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Light Duty Trucks & Gooseneck Trailers

Discussion in 'Trailers' started by JCoates, Aug 8, 2008.

  1. cgraham1

    cgraham1 Well-Known Member

    Joined:
    Mar 6, 2009
    Messages:
    76
    Location:
    Redding, California
    27,975 Lbs combined. 95 Mph+ Never got hassled? In Ca speed limit is 55(while towing).... Last time I pulled a car trailer up I-5, I got a ticket for doing 65 MPH.

    My '02 F-250 could hardly stop itself without a load.... your trailer must have good brakes.
     
  2. Dualie

    Dualie Senior Member

    Joined:
    Feb 24, 2007
    Messages:
    1,371
    Location:
    Nor Cal
    The min you cross the Colorado river into Arizona its the wild west. Posted speed limits were 75mph but you could pass AZ DPS troopers doing 85 and not get looked at twice. My truck IS a 2WD DRW with stainless flex lines and hawk pads.

    Most states that segregate speeds do so for commercial tractor trailers, pickups and trailers get to run with the cars.

    California is just a gestapo state where 55 is unsafe most of the time. especially out on I-5, I-15, I-40, I-10.

    i wasn't pulling @ 95 mph all the time, it was something that i COULD do if i felt the need.

    The only time i ran CA was to head for the border states. I wouldn't even fathom doing this in a single rear wheel truck.
     
  3. divedigger

    divedigger Well-Known Member

    Joined:
    Apr 14, 2008
    Messages:
    64
    Location:
    gray Tennessee
    Would you be interested in putting a $ on the 357? Thanks
     
  4. tonka

    tonka Senior Member

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    Occupation:
    Equipment Operator
    Location:
    Longview WA
    who or what are you talking to or about?
     
  5. hougie

    hougie Well-Known Member

    Joined:
    Aug 8, 2010
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    152
    Occupation:
    municipal worker
    Location:
    Alberta, Canada
    I'm having a delema with this exact situation right now, i have a 04 f350 srw and a tandem dually 30ft gooseneck that i plan to haul a backhoe on. The trailer is fine but I don't know if the truck will be heavy enough. Alot of commercial companies around here pull the same setup with 1 ton dually's. Should i go for a dualy or will the ol ford cut it?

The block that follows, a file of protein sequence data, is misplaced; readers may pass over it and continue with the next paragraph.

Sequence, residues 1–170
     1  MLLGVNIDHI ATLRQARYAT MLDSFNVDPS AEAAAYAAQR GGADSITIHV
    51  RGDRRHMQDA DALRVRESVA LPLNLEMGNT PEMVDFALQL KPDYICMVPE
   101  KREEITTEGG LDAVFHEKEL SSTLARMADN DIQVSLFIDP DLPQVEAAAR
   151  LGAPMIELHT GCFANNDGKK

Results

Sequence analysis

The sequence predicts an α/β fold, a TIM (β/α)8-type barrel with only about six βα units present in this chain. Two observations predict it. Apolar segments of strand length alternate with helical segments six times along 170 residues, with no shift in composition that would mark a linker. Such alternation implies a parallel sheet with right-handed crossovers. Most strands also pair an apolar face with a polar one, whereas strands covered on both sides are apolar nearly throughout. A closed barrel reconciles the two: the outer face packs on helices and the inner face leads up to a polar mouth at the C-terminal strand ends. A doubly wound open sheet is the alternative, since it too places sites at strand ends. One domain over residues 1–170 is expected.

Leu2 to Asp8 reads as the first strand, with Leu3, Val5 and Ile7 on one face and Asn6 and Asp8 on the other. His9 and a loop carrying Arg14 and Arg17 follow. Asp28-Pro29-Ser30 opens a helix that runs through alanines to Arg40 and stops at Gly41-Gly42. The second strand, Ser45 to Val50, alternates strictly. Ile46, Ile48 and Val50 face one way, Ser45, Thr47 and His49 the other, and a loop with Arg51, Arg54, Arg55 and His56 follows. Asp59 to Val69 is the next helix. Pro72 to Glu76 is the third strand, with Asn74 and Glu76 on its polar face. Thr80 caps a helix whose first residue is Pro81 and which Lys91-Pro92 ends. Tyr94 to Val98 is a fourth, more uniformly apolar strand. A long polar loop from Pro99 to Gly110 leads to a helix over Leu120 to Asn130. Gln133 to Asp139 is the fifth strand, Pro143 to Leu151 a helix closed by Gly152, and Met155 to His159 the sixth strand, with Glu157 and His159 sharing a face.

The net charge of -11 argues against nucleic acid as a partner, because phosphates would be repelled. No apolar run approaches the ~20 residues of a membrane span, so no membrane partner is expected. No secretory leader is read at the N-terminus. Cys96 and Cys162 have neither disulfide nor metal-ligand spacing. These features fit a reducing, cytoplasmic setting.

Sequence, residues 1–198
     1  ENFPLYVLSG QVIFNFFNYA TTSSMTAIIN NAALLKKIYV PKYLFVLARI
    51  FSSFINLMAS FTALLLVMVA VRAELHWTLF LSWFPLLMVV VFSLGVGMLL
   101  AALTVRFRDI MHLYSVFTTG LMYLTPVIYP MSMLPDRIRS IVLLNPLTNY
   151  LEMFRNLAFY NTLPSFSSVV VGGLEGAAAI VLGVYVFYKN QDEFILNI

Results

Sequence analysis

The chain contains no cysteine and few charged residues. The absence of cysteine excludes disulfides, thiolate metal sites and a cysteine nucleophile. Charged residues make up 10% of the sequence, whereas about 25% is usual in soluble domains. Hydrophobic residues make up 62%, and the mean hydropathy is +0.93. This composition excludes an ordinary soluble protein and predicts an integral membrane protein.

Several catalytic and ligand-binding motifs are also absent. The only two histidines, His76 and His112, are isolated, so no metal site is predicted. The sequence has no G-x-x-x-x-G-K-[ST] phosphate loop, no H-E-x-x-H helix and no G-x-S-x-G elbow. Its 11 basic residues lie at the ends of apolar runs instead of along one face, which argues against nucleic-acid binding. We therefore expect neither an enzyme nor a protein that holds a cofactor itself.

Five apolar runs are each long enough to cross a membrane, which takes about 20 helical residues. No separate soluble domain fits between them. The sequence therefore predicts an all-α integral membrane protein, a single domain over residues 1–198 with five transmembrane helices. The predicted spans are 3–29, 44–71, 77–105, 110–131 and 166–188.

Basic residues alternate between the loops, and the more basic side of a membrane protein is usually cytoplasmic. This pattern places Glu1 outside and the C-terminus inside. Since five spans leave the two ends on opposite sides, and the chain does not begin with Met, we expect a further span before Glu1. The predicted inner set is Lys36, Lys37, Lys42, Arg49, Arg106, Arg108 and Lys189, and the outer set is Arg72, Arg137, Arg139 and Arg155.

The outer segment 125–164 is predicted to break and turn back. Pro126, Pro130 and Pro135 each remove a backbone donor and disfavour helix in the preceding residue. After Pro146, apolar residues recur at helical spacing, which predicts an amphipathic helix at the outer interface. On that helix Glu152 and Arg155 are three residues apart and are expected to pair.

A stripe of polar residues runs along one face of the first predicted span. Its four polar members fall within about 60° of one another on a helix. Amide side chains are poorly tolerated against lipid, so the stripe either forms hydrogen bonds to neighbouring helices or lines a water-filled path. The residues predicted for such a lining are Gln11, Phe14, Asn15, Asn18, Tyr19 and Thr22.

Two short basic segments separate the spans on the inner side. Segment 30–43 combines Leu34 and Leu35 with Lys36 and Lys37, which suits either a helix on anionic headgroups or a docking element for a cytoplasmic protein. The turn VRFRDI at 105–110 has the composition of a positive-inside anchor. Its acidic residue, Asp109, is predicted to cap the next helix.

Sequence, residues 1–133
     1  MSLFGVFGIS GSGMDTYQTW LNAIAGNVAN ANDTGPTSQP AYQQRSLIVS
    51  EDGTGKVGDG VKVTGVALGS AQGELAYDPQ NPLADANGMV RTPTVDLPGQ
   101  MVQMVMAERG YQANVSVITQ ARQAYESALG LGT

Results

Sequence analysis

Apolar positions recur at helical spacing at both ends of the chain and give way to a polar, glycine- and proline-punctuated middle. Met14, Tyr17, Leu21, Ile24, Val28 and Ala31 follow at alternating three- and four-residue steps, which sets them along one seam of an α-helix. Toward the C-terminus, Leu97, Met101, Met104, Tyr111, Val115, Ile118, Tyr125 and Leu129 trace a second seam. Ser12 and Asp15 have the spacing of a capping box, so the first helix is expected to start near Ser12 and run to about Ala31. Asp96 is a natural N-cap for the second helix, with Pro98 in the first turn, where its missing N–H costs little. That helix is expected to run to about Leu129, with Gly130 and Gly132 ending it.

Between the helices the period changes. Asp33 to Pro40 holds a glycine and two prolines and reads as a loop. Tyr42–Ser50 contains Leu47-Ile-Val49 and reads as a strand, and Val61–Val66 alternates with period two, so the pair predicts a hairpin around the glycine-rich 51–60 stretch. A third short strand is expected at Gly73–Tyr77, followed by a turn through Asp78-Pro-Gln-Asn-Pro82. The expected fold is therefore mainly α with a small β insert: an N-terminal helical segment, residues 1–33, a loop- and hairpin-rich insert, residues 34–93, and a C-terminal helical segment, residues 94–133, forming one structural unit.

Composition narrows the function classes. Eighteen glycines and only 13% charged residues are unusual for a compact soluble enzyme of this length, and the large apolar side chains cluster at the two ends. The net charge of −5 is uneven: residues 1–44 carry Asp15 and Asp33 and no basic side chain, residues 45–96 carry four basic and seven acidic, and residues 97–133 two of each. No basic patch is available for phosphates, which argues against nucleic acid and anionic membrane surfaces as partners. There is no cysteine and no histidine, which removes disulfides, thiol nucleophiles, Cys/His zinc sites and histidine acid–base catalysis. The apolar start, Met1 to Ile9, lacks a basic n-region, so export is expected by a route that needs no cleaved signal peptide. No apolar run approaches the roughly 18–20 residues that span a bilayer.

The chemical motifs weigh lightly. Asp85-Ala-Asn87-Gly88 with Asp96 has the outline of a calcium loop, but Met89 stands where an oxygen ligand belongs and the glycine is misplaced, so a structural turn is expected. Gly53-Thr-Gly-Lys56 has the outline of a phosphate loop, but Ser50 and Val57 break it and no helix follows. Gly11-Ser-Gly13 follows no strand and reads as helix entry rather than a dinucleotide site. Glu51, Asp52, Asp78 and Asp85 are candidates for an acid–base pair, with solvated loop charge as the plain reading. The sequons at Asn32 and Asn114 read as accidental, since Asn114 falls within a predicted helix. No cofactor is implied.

6. Dualie

    Dualie Senior Member

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    Feb 24, 2007
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    1,371
    Location:
    Nor Cal
    For serious hauling like your describeing i would definately opt for the dually.
     
  7. Scarlett_Red

    Scarlett_Red New Member

    Joined:
    Sep 13, 2010
    Messages:
    4
    Location:
    Colorado
    I have a '95 dodge one ton dually. GVWR of 11,000 lbs. Pulls an Elite gooseneck rated at 14,000 lbs. This gives a max GVWR of 25,000 lbs (Well under the 26,000# CDL requirement). The truck is listed as weighing close to 6000#, and the trailer is listed at 4650#, for a combined weight of 10,650#. So this means I can haul 14,350#(25,000-10,650)????Is this correct. I was wondering what the max weight of a mini excavator I can buy to put on my trailer. .Thanks
     
  8. Dualie

    Dualie Senior Member

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    Location:
    Nor Cal
    Nope the fact that your trailer is over 9,999LB GVW means you need a CDL.
     
  9. Orchard Ex

    Orchard Ex Super Moderator

    Joined:
    Jul 7, 2005
    Messages:
    1,051
    Location:
    Southern MD
    Looks like Colorado and other states will let you drive on a regular license as long as the combination doesn't go over 26,000 lbs no matter what the trailer weight is. Not sure about California though.
    MD is the same way, it doesn't make much sense to me, but that's how it is written.
    link
     
  10. JDOFMEMI

    JDOFMEMI Senior Member

    Joined:
    Jan 4, 2007
    Messages:
    3,074
    Location:
    SoCal
    Like Dualie says, in California, as soon as the trailer hits 10,000#, you need a class A to drive it.
    I have a bumper pull 14K Econoline trailer, and with it behind an F-250, even empty, needs a class A.